Sunday Morning Coffee: Rahab

Yesterday Terry was asking me where Rahab is mentioned in the lineage of Jesus.  Matthew 1:5 tell us that she married Salmon and was the mother of Boaz.  Boaz married the Gentile Ruth and they had Obed, who was the father of Jess, who was the father of David, who became the King of Israel.

Why is this important?  Well, in Joshua 2 you can read the story.  Rahab was a harlot; a well-known prostitute who lived in Jericho.  When two Hebrew spies asked her to help them, she chose to hide them if they would save her life when Jericho fell. They agreed, and told her to hang a scarlet cord from her house.  Her house was spared when the walls fell. See, the people of Jericho had heard of the God of Israel,  and they knew it was wise not to stand against  Him.Image result for Rahab in the city of Jericho

Because Rahab believed God and protected His men, she was accepted into the Hebrew tribes. Ordinarily, the penalty for prostitution was very harsh, but   she was forgiven. Beyond forgiveness, she was blessed.  She married Salmon, and became a  part of the line of David, from which Jesus Christ  was born. And along the way, Ruth, a woman of the Gentile nation of Moab, also became a part of the line of Jesus.

Both of these women are examples of the grace of God in the Old Testament.

A friend told me this week that she heard a preacher say something along the lines that we should forget the Old Testament and just focus on the New Testament.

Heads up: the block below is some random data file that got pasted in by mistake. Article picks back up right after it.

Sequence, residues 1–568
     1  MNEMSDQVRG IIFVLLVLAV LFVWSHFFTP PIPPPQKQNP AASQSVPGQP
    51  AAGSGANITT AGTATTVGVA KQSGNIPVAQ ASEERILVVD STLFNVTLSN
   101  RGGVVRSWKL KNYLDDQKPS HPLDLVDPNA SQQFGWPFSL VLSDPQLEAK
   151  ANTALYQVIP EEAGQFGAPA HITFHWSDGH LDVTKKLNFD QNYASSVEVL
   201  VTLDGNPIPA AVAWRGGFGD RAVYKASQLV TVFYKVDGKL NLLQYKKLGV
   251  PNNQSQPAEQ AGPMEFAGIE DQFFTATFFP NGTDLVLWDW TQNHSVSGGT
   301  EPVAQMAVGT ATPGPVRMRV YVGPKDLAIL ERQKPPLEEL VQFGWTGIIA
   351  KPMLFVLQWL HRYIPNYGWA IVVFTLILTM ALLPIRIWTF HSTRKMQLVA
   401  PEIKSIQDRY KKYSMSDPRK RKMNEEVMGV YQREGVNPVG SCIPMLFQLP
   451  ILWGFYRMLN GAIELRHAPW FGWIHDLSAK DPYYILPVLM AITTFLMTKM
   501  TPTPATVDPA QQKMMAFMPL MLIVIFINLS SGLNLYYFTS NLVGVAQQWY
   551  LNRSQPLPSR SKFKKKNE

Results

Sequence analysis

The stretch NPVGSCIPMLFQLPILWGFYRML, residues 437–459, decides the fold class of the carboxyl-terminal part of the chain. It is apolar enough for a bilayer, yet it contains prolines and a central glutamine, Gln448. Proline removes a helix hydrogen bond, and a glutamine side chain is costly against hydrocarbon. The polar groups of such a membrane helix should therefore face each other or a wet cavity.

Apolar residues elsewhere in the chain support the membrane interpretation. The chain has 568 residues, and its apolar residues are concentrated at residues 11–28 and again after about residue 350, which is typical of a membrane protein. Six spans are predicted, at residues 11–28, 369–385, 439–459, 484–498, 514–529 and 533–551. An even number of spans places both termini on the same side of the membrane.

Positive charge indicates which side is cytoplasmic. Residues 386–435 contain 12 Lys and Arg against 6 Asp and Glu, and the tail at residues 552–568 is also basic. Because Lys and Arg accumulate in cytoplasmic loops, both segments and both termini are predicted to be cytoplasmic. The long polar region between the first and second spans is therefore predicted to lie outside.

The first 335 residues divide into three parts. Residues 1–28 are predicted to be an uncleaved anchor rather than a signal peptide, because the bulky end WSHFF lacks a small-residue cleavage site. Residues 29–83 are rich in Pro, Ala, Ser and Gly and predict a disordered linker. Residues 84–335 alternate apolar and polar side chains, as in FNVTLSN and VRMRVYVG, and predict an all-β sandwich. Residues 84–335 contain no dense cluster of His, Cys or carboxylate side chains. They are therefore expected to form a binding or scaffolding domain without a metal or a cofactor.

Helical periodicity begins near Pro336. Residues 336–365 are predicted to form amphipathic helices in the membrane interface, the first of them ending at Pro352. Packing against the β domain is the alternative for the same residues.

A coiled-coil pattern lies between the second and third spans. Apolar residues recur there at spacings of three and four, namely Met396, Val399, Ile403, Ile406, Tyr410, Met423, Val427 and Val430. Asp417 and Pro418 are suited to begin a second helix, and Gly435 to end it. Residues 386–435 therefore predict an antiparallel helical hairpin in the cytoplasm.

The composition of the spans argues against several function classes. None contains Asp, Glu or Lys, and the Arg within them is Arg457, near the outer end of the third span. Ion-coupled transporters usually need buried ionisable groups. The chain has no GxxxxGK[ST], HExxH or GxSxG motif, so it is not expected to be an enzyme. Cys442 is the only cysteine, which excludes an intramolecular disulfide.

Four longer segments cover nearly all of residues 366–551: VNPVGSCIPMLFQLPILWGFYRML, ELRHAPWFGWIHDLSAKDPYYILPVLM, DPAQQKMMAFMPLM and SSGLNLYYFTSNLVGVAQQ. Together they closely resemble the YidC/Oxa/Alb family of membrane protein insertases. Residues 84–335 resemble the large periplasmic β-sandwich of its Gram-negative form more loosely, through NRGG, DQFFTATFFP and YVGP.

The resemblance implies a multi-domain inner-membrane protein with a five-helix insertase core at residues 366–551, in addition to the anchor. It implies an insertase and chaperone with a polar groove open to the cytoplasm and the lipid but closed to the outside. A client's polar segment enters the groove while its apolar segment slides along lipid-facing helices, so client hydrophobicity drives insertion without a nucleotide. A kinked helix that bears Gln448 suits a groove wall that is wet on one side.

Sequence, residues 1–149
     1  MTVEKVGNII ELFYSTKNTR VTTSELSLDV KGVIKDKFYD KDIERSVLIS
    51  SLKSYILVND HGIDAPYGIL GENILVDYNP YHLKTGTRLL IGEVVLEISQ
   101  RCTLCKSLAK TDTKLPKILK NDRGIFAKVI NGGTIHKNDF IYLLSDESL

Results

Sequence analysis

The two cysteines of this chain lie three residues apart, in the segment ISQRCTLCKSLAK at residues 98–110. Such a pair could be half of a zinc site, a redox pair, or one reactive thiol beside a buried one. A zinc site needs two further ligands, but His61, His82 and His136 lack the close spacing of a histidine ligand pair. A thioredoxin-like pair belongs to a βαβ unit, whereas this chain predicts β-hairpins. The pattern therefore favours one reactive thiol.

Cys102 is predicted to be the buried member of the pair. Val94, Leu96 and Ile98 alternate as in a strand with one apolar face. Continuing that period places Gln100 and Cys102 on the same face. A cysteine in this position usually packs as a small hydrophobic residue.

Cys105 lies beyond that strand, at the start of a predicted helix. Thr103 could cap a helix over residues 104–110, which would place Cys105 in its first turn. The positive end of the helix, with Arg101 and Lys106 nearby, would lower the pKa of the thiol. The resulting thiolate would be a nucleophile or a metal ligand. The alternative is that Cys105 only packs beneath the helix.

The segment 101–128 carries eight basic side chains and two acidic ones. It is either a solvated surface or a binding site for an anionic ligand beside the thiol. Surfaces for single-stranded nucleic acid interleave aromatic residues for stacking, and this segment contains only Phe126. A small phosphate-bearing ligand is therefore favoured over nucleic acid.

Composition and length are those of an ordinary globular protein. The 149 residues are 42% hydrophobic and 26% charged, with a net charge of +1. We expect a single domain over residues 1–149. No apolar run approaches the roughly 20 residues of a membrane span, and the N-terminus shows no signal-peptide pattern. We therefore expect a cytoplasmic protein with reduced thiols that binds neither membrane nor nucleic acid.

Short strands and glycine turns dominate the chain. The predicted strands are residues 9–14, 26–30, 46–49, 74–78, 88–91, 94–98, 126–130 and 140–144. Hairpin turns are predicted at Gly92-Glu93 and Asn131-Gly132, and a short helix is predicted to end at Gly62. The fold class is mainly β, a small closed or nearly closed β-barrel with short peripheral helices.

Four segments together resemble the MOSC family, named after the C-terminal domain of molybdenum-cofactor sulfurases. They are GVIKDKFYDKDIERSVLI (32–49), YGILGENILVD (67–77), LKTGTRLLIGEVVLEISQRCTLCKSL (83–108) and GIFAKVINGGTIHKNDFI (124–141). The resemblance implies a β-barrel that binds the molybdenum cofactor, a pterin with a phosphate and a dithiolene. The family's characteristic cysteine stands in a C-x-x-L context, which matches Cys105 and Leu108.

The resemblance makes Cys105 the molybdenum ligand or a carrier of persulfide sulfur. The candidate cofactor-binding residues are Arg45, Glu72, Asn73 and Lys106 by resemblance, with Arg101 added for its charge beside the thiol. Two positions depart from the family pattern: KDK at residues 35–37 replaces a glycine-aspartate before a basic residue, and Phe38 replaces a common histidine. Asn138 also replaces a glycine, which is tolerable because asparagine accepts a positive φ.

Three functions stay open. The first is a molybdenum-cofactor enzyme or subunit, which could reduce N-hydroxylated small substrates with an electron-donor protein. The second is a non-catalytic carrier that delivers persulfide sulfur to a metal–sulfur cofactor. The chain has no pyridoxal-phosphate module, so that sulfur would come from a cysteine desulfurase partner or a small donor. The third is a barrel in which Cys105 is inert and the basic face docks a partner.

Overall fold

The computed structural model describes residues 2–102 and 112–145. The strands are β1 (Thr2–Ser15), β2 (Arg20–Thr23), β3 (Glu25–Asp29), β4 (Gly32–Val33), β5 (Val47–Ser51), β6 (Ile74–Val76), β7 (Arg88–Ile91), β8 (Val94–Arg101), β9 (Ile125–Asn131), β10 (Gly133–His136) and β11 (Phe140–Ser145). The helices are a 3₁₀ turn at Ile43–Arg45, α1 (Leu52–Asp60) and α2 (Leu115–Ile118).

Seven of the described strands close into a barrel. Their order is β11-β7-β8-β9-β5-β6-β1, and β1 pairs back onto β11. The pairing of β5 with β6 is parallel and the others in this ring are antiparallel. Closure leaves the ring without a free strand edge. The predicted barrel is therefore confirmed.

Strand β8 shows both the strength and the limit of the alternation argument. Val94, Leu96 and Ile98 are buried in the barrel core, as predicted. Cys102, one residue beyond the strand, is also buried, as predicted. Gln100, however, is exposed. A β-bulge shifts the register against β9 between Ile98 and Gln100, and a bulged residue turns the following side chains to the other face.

My reaction?  How ridiculous! The entire Old Testament records mankind, warts and all, but looks to the cross and the redemption of mankind through the sacrifice of the perfect Lamb.  How could we possibly understand all that if it were not for the Old Testament record of God’s grace and forgiveness time after time?

As I blog through the book of Isaiah (just started chapter 47)  I am overwhelmed at how often God  forgave His people for falling away from Him into idolatry.  That’s grace.

The Old Testament is so much more than just a collection of stories about war, murder, idolatry, and immorality.  It is about forgiveness, reconciliation, redemption, and the love of God.

And it is about the prophecy of God’s eternal plan for  His people, and for all of mankind. It is exciting,  Full of miracles, the stories of sinful people, love stories, battles, and the love of God.

Discarding it is discarding the inspired Word of God.  It is just wrong.

 

 

 

 

 

 

 

One thought on “Sunday Morning Coffee: Rahab

  1. Okay, I need a LOVE button for this. I am very concerned that these new churches rising up and not putting any denominational title to their name are going to be easily ensnared into sinful living due to selfishness and humanism. I just have that feeling. Boy, I guess I am just Baptist to the core!

    Liked by 1 person

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